2. The language that we use is important to our identity. While generally, the concepts I learned about surrounding language and identity had more to do with how we think about and label ourselves and how the language we use relates to societal expectations, norms, or rules. But this applies in books when it comes to important aspects of character (for fiction) and also for memoir, in what way authors choose to write about themselves. It’s also important to recognize the relationship between an author’s voice, their identity, and their story, and not to override it.
     

My technical publishing training comes from earning a minor under the Ooligan Press Book Publishing program at Portland State University. At Ooligan, students function as members of the press, publishing about four books a year in a range of genres from YA and adult genre fiction to nonfiction textbooks and guidebooks. Students are assigned to teams working on books in production and can volunteer to work on different department projects based on their career interests, like pitching, copyediting, designing, event planning, and marketing. All students are required to assist the acquisitions department by reading and evaluating proposals and submissions. Ooligan taught me everything I know about publishing and gave me a strong belief in the value of indie publishers. Ooligan also has a commitment to ethical environmental publishing, which opened my eyes to the environmental impact of book publishing. You won’t find efforts like this outside of indie presses.

After I graduated, I briefly interned for Forest Avenue Press, a local publisher in Portland. Laura Stanfill, founder and publisher, was my Book Editing professor. I did some acquisitions work and proofreading work for her. While not a traditional internship, in that this was during the start of the COVID-19 pandemic and was therefore remote, I found it really valuable to learn under Laura’s wing. Her commitment to activism in publishing is admirable and inspiring and was foundational to my own belief in the importance of telling, promoting, and creating diverse stories. The book publishing industry as a whole needs to do better in hiring and publishing diverse authors. Year after year, we see the same, unchanged diversity reports from Big-Five publishers, continual scandals about racist books, and so on; real strides in diversity are spearheaded by smaller, value-driven presses.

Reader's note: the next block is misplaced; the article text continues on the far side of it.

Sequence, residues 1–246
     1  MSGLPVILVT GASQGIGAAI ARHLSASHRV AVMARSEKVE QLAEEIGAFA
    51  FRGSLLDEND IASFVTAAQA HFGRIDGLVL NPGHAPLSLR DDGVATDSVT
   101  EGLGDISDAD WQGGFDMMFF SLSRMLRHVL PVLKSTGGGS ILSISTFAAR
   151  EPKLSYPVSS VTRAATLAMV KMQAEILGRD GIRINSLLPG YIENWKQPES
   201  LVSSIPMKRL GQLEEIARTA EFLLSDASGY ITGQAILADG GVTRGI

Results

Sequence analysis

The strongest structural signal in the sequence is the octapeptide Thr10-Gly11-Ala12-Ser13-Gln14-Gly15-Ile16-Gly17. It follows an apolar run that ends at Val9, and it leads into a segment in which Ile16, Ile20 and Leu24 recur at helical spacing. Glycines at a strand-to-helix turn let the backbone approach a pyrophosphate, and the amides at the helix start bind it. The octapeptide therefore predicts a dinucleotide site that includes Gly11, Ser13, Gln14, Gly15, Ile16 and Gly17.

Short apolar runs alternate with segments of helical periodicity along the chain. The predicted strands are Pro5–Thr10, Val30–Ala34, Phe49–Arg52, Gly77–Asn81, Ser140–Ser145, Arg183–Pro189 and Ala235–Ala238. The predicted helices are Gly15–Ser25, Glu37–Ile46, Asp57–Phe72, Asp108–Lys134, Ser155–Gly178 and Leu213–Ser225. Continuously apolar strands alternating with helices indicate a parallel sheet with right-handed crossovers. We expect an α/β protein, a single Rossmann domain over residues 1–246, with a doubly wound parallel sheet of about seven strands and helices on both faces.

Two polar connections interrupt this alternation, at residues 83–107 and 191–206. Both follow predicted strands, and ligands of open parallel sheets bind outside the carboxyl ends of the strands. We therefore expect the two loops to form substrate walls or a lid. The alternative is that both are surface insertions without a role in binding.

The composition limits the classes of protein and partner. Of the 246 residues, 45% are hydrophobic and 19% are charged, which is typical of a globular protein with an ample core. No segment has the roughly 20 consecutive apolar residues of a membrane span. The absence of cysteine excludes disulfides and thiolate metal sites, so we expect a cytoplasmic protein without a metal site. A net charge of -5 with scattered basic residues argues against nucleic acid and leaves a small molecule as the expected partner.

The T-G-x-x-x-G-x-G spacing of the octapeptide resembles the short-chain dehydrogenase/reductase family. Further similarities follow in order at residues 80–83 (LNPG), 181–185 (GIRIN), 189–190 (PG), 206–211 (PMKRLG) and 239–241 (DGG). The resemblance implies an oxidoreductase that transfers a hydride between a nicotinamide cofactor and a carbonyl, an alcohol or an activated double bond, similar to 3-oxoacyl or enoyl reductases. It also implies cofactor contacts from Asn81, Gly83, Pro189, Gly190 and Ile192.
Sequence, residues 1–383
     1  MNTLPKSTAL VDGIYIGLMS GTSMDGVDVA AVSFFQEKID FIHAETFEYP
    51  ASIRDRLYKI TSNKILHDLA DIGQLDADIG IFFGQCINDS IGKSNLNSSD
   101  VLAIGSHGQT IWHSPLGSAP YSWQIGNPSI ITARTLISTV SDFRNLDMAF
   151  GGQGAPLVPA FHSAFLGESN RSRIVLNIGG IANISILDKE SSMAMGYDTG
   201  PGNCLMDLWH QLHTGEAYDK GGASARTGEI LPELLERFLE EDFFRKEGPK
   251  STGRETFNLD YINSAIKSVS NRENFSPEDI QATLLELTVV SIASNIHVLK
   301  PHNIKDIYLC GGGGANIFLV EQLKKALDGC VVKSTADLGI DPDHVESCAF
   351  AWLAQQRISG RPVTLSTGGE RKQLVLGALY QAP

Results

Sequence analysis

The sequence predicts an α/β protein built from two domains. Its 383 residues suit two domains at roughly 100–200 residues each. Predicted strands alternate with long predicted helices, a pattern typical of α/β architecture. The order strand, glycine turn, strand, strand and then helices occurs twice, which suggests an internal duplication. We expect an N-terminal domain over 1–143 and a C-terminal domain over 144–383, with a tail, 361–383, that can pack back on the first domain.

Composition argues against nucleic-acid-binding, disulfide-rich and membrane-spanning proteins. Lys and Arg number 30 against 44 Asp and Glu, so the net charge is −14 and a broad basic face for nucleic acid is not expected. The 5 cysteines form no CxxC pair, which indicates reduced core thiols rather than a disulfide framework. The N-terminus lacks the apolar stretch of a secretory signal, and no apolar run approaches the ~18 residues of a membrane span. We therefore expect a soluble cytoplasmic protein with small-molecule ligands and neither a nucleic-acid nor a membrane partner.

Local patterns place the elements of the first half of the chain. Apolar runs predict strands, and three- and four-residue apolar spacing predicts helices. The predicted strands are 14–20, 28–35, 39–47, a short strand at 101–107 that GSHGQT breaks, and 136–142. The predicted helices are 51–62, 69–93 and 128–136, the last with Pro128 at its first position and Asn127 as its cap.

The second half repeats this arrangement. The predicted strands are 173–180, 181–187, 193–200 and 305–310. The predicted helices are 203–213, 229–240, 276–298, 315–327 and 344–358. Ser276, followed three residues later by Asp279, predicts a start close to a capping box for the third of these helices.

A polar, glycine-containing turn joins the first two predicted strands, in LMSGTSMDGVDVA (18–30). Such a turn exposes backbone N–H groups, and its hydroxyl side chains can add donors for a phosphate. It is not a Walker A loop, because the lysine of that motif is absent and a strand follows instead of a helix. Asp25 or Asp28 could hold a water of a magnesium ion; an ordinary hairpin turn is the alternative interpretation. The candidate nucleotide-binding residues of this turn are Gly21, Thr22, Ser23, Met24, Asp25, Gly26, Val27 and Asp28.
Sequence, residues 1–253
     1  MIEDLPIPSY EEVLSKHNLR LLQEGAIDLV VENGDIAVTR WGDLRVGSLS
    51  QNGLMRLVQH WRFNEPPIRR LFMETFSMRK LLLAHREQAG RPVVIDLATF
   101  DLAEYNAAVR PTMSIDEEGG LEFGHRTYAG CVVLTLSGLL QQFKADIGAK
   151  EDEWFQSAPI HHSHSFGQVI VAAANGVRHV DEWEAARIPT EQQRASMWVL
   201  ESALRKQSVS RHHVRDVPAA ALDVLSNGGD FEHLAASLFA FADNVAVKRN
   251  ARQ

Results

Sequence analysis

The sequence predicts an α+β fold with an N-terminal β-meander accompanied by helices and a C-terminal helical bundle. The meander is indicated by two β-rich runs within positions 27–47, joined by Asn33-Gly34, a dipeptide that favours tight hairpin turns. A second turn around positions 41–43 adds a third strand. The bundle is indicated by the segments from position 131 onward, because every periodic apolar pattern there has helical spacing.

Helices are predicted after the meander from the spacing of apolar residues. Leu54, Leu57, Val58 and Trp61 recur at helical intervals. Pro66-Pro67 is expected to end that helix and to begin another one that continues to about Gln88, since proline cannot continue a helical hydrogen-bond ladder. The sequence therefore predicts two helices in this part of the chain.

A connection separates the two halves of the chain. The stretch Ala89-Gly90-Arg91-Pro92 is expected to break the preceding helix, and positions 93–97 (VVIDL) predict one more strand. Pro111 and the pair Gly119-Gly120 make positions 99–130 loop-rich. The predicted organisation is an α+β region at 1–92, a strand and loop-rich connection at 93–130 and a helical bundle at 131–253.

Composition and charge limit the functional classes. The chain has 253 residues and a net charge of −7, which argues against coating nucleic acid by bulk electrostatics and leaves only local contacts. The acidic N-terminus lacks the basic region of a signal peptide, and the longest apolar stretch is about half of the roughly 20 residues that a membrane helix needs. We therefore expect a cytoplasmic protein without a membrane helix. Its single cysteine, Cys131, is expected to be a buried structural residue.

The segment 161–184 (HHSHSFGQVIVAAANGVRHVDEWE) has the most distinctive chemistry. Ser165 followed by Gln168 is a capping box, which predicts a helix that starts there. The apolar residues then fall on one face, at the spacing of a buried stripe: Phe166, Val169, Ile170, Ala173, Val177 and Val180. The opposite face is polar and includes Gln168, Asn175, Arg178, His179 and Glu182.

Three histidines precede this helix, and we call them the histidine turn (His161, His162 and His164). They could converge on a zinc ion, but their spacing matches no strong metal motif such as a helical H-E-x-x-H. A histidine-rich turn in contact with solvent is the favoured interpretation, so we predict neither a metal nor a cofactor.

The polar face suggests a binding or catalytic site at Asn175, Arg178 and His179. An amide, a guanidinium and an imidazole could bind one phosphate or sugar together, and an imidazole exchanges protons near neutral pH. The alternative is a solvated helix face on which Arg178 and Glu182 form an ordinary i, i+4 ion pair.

After Forest Ave, I landed at PageMill Press. I was excited to apply to PageMill’s internship to work on more nonfiction projects. I was also excited to use my psychology minor. At PageMill, I’ve helped out with everything we do: from helping develop manuscripts in the early stages of production, to maintaining the website, to editing and proofreading, and to researching and compiling resources for production behind the scenes. I’ve loved being able to see each and every aspect of the publishing process. Moreover, PageMill’s mission to publish transformative works is important to me. As a reader, I love looking into the lives of others and exercising in empathy for others’ experiences. I’m personally not religious, but spirituality is an important aspect of the human experience, and I enjoy reading about how healing it can be for people to engage in spiritual practices. I hope to continue learning as I go and developing this personal philosophy to support small presses, support authors and their identities, and promote diversity at every step.